Published 18 hours ago
Proposed by Illuminated
Originally posted on Illumina News Center
The Australian Center for Population Genomics (CPG), a collaboration between the Garvan Institute of Medical Research and the Murdoch Children’s Research Institute, has launched a new initiative to engage diverse communities in genomics research. Supported by a 10 million Australian dollar (US$6.26 million) grant from the Australian government, as well as contributions from Illumina and other organizations, the Australian Genetic Diversity Database Project, called OurDNA, will collect data to improve the prediction, diagnosis and treatment of diseases. in underserved communities.
Reference databases are essential for advancing genomic medicine, providing in-depth information for understanding genetic variations and their associations with disease. Unfortunately, the true genomics of populations have been elusive.
“Existing global databases are heavily skewed towards people of European ancestry,” says Professor Daniel MacArthur, who leads the CPG and leads the OurDNA initiative. “This means Australians who are not of European descent may have difficulty being diagnosed with a genetic condition and may not benefit from continuing advances in genomic medicine.”
The OurDNA initiative will help address this deficit by engaging people from culturally and linguistically diverse communities, including Australians of African, South Asian, Middle Eastern, East African, Pacific Islander, Aboriginal and Strait Islander descent. of Torres.
The OurDNA team prioritizes these groups based on their size, lack of representation in existing databases, and clinical need. Researchers will also work closely with the CONNECT Consortium, a national, Indigenous-led effort that aims to empower Aboriginal and Torres Strait Islander people in genomics medicine and research.
Overcoming long-standing barriers
Minority communities in Australia have been underrepresented in genomic research for several reasons. In some cases, study organizations may have responded to the needs of majority populations because they are easier to contact through conventional communication channels.
Researchers also failed to develop culturally and language-appropriate information and educational resources around genomics for many diverse communities in Australia. Therefore, it can be difficult for researchers to communicate the goals and benefits of a project.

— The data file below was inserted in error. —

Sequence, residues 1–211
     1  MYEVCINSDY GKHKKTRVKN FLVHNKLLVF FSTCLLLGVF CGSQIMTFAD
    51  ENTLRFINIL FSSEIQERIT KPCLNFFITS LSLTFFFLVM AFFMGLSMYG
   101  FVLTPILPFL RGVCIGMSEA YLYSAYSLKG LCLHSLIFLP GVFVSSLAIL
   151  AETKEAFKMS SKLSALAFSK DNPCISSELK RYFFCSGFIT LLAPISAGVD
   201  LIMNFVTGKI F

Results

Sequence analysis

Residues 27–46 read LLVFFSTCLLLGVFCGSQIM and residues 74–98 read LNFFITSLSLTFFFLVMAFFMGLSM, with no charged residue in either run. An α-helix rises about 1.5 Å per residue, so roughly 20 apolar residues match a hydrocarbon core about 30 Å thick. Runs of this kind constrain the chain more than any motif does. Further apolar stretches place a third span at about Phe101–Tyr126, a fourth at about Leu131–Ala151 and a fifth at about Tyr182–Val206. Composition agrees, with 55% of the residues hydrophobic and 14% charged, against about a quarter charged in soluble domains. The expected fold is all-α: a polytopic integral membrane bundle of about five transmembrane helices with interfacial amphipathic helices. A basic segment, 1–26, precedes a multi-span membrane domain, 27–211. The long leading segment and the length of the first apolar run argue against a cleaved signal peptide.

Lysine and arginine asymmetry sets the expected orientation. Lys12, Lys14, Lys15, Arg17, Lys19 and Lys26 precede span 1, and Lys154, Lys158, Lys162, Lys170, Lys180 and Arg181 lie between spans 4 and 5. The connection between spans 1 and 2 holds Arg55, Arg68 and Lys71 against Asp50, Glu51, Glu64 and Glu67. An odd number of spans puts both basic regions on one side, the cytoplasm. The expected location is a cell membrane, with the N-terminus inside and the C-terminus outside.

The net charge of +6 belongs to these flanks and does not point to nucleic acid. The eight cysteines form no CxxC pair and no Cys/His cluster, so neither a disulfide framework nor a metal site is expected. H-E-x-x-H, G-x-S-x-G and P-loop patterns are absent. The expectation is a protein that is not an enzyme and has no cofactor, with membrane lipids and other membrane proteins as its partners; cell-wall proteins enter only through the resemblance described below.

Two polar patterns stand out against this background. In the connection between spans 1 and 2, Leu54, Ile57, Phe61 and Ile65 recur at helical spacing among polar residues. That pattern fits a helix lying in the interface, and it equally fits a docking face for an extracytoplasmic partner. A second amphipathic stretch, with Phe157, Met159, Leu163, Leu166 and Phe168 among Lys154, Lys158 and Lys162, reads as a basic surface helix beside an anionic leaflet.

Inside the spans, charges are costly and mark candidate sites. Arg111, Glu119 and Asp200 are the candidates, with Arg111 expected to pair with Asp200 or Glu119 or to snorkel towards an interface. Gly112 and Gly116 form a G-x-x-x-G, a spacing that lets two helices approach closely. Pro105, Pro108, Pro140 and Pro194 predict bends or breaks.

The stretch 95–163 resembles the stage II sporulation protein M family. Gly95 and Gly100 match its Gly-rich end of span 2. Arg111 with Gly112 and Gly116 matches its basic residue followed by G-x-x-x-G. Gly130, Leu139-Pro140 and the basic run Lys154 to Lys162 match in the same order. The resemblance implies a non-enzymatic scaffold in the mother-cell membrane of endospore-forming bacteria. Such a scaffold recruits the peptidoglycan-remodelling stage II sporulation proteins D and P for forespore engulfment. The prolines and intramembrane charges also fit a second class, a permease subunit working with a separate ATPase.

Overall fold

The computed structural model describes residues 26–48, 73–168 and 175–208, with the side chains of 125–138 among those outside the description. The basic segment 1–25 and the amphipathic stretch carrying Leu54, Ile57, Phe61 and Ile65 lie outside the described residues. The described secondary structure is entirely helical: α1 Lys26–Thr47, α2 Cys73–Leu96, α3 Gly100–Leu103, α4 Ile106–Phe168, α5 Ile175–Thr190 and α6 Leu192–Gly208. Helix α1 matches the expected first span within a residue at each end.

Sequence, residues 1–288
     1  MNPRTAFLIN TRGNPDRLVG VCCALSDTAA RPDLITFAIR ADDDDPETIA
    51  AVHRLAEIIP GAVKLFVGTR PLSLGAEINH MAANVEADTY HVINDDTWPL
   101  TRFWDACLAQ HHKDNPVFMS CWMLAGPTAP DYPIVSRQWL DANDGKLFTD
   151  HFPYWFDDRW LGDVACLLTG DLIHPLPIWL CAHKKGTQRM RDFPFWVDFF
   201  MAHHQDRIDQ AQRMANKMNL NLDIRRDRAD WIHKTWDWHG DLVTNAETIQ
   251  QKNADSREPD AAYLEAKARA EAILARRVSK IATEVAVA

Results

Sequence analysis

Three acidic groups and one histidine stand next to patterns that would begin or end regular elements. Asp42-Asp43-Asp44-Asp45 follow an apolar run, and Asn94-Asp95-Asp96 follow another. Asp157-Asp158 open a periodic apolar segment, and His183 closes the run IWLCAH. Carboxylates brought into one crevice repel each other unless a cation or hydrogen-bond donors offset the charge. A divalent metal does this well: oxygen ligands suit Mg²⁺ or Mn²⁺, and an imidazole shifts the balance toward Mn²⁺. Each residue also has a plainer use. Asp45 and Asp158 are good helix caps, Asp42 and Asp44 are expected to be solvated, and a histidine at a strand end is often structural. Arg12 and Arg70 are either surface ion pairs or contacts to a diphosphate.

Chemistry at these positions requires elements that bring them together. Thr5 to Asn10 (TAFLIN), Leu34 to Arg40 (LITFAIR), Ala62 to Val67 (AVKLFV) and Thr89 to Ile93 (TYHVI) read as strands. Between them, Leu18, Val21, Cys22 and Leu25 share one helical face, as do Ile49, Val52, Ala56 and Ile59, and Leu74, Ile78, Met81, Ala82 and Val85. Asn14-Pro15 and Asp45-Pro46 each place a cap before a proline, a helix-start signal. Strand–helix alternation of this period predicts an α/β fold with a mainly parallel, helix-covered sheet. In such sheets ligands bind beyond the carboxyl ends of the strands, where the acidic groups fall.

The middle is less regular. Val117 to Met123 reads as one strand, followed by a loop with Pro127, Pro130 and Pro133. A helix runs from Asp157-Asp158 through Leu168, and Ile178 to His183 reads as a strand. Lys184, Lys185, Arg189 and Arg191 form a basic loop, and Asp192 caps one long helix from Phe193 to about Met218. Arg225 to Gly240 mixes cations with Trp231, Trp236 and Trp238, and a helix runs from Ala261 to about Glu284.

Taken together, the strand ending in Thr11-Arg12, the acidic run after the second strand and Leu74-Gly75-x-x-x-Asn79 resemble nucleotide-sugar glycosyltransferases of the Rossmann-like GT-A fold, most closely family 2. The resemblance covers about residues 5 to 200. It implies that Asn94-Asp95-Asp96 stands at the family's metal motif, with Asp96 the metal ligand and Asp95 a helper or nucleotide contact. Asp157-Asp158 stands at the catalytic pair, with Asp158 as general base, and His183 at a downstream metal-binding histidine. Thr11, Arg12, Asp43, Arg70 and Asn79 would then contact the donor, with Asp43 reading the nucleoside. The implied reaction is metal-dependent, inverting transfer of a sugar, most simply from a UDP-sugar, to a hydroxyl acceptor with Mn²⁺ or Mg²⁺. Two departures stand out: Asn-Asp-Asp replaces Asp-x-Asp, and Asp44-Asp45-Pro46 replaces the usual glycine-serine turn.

“One of the main goals of this initiative is to consult extensively with communities before recruitment,” says MacArthur. “We want to make sure that we fully understand the needs of each community and meet them as much as possible in our program design. »
To increase participation, the project adopts participatory approaches that have successfully diversified medical research in other countries. For example, the team will work closely with stakeholders in each community to better understand their perspectives and expectations, and collaborate with them to design communications. After the co-design process, the program will reach potential participants through a series of community events and other channels. People who consent to participate in the project will contribute to the development of genomic resources that are more representative of Australian diversity, including a genetic variation reference database designed to improve the diagnosis of patients with rare genetic diseases.
Global partners come together
The CPG works with academic and industry partners, including the Federation of Ethnic Community Councils of Australia, Australian Red Cross Lifeblood and Australian Genomics, to engage diverse communities across the country using proven approaches.
Google Cloud and Microsoft support secure data storage, and the Broad Institute at MIT and Harvard works with CPG to make data available to maximize its impact for patients around the world. Illumina will support the generation of whole genome sequencing data, which is essential for the project’s impact on disease diagnosis rates.
“Illumina provides discounted reagents and flow cells for the whole genome sequencing that is so critical to this project,” says MacArthur. “Ultimately, we hope to sequence at least 7,000 genomes to get a broader picture of genomic diversity in Australia.”
To learn more about Illumina’s commitment to expanding access, click here
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